The parshah offers a long and detailed list of impure creatures that are to be avoided through either consumption or contact. In verse after verse, the Torah identifies types of animals or scenarios in which one might encounter an animal’s carcass and declares: “it is tameih [impure] for you.” All of these laws, the Torah explains, exist so that the Jewish people can distinguish between that which is tameih and that which is tahor (pure), which makes them holy and uniquely set apart for God. As the parshah explains, “you shall not make yourselves impure with [impure animals] and thus become impure. For I, Adonai, am your God: you shall sanctify yourselves and be holy, for I am holy. ” The parshah seemingly solidifies distinctions between pure and impure—and, consequently, between good and bad.

But the rabbis of the Talmud probe these ostensibly immutable categories and distinctions. If it is a desire for order that first brought these categorizations into the world, it is the pleasure of subversiveness and the rabbinic proclivity for gradience, expansiveness, and subversion that drives the rabbis to play with them. The Talmud, for example, praises Rabbi Meir because he could declare something impure to be pure and something pure to be impure, providing sound and convincing justifications for each ruling. We learn later in this passage that one of his students could, using his creativity and analytical reasoning, declare an animal explicitly described in the Torah as impure to be pure, citing 150 reasons that supported his argument. This analytically subversive ability later becomes a criterion for political leadership on the Sanhedrin, the highest court within the rabbinic frame. The medieval commentator the Meiri explains that such a requirement exists so that if a later generation encounters a difficulty with some aspect of Torah, they “will know how to renew, add, or remove that which was previously taught in order to create new essential teachings needed in this moment, all while finding support for their words from the Torah.” Rabbi Meir’s project and the lineage it establishes counters the Torah’s binary categorization of creatures as tameih and tahor, recognizing that purity and impurity are not static, but rather demand reinterpretation and readjudication.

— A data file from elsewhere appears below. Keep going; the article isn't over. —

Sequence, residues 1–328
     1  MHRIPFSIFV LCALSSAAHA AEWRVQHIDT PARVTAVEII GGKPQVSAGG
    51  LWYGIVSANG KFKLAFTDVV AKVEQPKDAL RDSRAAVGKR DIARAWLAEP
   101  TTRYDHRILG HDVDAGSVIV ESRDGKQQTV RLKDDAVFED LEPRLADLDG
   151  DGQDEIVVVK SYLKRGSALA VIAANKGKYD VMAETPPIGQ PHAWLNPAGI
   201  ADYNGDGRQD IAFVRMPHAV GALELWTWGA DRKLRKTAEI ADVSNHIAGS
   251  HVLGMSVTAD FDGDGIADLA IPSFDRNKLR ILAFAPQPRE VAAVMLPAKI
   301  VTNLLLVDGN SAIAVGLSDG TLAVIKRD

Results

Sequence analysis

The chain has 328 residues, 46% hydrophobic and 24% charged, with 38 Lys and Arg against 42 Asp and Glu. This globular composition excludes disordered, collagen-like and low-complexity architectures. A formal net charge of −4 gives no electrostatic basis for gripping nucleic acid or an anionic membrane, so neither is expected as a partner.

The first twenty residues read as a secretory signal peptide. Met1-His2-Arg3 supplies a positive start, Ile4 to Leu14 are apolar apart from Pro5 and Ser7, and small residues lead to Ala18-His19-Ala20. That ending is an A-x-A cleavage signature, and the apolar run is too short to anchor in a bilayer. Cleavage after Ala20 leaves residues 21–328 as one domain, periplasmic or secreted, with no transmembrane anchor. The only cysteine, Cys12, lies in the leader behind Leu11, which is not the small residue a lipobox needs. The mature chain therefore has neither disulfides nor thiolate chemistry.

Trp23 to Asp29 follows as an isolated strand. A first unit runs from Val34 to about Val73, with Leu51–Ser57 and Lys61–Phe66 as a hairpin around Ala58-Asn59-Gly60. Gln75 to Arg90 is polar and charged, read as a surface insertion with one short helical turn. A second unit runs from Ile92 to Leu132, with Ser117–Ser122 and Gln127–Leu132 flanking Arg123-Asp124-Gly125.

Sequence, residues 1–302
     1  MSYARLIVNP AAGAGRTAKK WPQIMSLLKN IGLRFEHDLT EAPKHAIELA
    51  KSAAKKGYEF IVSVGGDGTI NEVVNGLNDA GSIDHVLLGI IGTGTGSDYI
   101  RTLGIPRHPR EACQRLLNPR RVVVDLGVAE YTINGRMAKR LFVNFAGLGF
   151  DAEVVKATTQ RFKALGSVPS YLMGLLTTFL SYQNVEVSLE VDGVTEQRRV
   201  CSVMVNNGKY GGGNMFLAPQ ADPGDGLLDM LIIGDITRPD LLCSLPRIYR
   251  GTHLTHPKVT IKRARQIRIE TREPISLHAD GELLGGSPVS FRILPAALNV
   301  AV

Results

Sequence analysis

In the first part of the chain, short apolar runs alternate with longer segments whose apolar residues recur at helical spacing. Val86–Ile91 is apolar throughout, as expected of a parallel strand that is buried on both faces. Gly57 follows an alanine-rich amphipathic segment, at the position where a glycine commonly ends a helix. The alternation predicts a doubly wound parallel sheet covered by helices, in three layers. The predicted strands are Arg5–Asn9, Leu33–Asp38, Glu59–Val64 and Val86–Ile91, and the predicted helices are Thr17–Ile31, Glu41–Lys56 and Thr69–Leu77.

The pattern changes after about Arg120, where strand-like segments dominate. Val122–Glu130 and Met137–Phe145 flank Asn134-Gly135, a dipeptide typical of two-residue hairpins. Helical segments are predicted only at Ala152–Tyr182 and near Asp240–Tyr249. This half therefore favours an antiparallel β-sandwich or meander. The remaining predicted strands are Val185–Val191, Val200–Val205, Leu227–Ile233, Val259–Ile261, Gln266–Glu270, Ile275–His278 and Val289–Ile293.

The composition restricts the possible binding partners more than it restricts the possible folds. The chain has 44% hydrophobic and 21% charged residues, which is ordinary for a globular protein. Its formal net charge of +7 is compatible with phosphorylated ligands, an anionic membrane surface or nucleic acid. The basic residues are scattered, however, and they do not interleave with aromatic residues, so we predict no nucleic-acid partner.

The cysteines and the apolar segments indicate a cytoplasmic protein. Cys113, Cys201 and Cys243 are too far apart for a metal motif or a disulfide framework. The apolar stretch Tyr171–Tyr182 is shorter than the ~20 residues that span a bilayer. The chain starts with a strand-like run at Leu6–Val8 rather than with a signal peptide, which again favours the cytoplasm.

Often, dominant narratives can become so deeply entrenched that they themselves are understood as tahor—unimpeachable and beyond reproach. But the rabbis’ ingenuity should inspire us to question stories we have inherited as fixed. Over the past years—and especially the past months—powerful organizing has done precisely this, troubling entrenched narratives about Jews, our safety, and our relationship to power and victimhood; what was once tahor now seems open to contestation. Despite the horror of this time, it is also a moment of profound possibility, as we glimpse the ways in which many of the schemas that appear to dominate our world can be upended.

—Laynie Soloman